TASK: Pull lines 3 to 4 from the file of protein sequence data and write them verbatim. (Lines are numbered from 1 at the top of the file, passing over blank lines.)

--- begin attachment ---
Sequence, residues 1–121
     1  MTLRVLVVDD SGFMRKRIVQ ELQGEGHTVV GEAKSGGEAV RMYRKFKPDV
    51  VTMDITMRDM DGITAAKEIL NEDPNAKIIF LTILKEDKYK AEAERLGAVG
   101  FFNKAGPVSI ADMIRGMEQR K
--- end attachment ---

    51  VTMDITMRDM DGITAAKEIL NEDPNAKIIF LTILKEDKYK AEAERLGAVG
   101  FFNKAGPVSI ADMIRGMEQR K